From what I can see, an RSV seems to be the thing to get in English. I still have an old RSV from my undergraduate days. It was the text book in a course I took.
Hopko quotes from the RSV and KJV in his podcasts. I think the lesson there is to look in various places and to never stop searching the scriptures. That realization was a blessing to me.
Hopko rocks. His podcasts are very useful, to me at least. How that guy throws in Greek, Slavonic, etc seems effortless. Very cool.
Right now I like both the NOAB RSV expanded edition and the OSB. For me, both work. For example the OSB gives better LXX references to some texts. Note the difference in these texts shown below. The OSB is not only NKJV. It has a translation of the LXX similar to the one given below, and the RSV does not. It all depends on what you want to see.
There is also an RSV Second Catholic Edition as well that does not seem bad. I have not looked at that one much, yet.
RSV Esther 1:1 In the days of Ahasuerus, the Ahasuerus who reigned from India to Ethiopia over one hundred and twenty-seven provinces,
NKJ Esther 1:1 Now it came to pass in the days of Ahasuerus (this was the Ahasuerus who reigned over one hundred and twenty-seven provinces, from India to Ethiopia),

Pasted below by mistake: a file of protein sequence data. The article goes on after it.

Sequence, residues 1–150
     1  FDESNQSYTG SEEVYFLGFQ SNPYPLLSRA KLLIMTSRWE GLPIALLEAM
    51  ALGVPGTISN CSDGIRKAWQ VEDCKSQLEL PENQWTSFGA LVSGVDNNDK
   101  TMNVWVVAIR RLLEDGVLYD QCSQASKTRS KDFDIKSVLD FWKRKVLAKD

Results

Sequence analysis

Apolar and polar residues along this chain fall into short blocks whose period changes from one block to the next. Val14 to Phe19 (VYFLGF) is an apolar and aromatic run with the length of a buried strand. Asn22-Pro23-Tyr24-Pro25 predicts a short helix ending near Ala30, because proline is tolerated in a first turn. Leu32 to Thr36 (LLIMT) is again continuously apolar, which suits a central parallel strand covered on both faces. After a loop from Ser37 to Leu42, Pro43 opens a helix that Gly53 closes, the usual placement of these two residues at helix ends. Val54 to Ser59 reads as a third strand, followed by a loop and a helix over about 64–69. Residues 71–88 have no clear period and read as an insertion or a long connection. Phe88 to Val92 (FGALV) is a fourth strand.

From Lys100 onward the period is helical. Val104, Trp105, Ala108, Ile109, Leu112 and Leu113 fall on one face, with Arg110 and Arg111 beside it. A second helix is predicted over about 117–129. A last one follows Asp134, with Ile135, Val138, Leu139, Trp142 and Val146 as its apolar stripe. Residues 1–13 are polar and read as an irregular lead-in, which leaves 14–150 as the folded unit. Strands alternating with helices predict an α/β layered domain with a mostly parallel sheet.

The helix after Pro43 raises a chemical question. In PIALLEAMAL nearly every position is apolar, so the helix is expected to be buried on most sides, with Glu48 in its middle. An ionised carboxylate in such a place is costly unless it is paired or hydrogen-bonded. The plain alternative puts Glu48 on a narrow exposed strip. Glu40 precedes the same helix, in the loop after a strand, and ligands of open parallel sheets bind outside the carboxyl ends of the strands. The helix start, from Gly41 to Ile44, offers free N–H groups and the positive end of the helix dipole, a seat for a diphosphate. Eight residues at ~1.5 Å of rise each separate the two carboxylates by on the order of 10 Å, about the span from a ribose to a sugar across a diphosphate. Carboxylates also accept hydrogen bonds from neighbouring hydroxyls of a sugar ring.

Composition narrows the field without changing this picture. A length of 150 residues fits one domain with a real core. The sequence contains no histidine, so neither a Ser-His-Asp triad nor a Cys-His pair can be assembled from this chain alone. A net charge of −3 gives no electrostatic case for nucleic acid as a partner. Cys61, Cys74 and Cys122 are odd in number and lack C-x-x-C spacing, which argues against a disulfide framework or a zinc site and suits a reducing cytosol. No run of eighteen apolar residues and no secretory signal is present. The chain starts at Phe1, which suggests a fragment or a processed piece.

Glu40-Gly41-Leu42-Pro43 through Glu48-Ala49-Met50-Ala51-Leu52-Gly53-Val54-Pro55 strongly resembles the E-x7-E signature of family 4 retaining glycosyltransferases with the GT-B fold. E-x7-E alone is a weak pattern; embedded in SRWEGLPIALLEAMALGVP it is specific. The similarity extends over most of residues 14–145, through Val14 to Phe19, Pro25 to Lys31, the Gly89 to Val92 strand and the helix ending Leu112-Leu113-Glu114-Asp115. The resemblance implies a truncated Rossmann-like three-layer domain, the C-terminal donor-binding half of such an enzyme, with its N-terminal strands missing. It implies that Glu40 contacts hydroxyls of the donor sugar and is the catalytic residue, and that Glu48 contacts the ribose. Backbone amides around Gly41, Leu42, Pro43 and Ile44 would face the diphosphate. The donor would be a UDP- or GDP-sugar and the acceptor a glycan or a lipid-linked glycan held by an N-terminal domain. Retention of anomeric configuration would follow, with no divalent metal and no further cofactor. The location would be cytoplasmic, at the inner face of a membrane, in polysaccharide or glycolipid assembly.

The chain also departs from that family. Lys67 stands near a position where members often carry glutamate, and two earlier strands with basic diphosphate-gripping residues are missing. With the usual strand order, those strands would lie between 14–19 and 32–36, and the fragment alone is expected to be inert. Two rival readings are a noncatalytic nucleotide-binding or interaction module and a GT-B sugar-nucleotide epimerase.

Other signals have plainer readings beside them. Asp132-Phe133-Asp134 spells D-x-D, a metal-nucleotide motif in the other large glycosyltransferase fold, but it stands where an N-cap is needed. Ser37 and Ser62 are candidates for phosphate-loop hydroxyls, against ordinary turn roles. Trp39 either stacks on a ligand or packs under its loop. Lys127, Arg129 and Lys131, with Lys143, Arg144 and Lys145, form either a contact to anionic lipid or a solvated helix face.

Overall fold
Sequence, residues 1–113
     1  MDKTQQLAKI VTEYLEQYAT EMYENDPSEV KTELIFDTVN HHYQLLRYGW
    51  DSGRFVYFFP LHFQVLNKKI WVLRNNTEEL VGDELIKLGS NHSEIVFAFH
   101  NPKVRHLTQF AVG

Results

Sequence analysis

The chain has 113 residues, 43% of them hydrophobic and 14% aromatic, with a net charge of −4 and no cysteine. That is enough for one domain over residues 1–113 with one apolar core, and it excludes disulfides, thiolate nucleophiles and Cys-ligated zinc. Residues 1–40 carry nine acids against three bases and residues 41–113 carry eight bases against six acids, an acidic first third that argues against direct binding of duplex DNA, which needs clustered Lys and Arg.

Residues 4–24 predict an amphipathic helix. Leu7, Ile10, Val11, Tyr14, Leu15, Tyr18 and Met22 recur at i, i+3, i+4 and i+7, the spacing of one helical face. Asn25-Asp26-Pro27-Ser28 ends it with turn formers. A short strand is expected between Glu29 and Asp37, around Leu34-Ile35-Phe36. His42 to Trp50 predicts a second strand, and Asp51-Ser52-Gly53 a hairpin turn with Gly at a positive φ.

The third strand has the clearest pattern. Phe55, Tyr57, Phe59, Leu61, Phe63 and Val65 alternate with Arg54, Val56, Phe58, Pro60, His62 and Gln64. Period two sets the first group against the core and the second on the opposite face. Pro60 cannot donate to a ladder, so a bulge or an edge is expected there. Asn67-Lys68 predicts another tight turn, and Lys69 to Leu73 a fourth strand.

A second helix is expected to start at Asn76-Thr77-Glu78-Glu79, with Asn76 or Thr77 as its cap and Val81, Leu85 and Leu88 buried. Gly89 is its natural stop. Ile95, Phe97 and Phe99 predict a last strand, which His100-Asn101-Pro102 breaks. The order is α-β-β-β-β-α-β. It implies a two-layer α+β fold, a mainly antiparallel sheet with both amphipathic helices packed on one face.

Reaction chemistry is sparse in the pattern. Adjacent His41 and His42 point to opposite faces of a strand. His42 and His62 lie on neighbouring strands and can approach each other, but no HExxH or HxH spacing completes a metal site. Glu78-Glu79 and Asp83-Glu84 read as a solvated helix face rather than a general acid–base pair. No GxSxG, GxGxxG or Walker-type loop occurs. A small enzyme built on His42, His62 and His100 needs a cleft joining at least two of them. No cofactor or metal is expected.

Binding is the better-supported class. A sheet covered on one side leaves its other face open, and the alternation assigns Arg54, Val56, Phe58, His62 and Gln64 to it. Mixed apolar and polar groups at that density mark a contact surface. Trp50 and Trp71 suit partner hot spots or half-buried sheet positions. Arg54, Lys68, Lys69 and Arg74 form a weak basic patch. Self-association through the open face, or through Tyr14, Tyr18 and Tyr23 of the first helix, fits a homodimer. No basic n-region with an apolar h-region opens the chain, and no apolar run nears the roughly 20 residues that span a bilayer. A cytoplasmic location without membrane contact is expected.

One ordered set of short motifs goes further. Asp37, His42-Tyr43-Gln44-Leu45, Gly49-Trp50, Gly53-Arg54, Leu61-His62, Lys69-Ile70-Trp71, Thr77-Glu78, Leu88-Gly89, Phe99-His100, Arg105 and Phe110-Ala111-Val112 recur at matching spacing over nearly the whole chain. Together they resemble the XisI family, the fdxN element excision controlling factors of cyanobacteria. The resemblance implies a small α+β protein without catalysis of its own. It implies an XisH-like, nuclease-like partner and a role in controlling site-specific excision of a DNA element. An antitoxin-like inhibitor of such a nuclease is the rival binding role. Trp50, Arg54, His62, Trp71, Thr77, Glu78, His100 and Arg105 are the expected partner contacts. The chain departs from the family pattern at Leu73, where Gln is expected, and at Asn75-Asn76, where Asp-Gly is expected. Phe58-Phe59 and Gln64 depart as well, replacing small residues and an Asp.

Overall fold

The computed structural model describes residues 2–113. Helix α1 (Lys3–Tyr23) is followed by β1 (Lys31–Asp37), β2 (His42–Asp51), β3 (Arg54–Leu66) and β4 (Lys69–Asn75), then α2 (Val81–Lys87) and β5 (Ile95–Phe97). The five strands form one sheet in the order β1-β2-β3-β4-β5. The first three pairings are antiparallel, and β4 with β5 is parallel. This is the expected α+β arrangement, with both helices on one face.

LXA Esther 1:1 In the second year of the reign of Artaxerxes the great king, on the first day of Nisan, Mardochaeus the son of Jarius, the son of Semeias, the son of Cisaus, of the tribe of Benjamine, a Jew dwelling in the city Susa, a great man, serving in the king's palace, saw a vision. Now he was of the captivity which Nabuchodonosor king of Babylon had carried captive from Jerusalem, with Jachonias the king of Judea. And this was his dream: Behold, voices and a noise, thunders and earthquake, tumult upon the earth. And, behold, two great serpents came forth, both ready for conflict, and there came from them a great voice, and by their voice every nation was prepared for battle, even to fight against the nation of the just. And, behold, a day of darkness and blackness, tribulation and anguish, affection and tumult upon the earth. And all the righteous nation was troubled, fearing their own afflictions; and they prepared to die, and cried to God: and from their cry there came as it were a great river from a little fountain , even much water. And light and the sun arose, and the lowly were exalted, and devoured the honorable. And Mardochaeus who had seen this vision and what God desired to do, having awoke, kept it in his heart, and desired by all means to interpret it, even till night. And Mardochaeus rested quiet in the palace with Gabatha and Tharrha the king's two chamberlains, eunuchs who guarded the palace. And he heard their reasoning and searched out their plans, and learnt that they were preparing to lay hands on king Artaxerxes: and he informed the king concerning them. And the king examined the two chamberlains, and they confessed, and were executed. And the king wrote these things for a memorial: also Mardochaeus wrote concerning these matters. And the king commanded Mardochaeus to attend in the palace, and gave gifts for this service. And Aman the son of Amadathes the Bugean was honourable in the sight of the king, and he endeavored to hurt Mardochaeus and his people, because of the two chamberlains of the king. And it came to pass after these things in the days of Artaxerxes, --(this Artaxerxes ruled over a hundred and twenty-seven provinces from India)--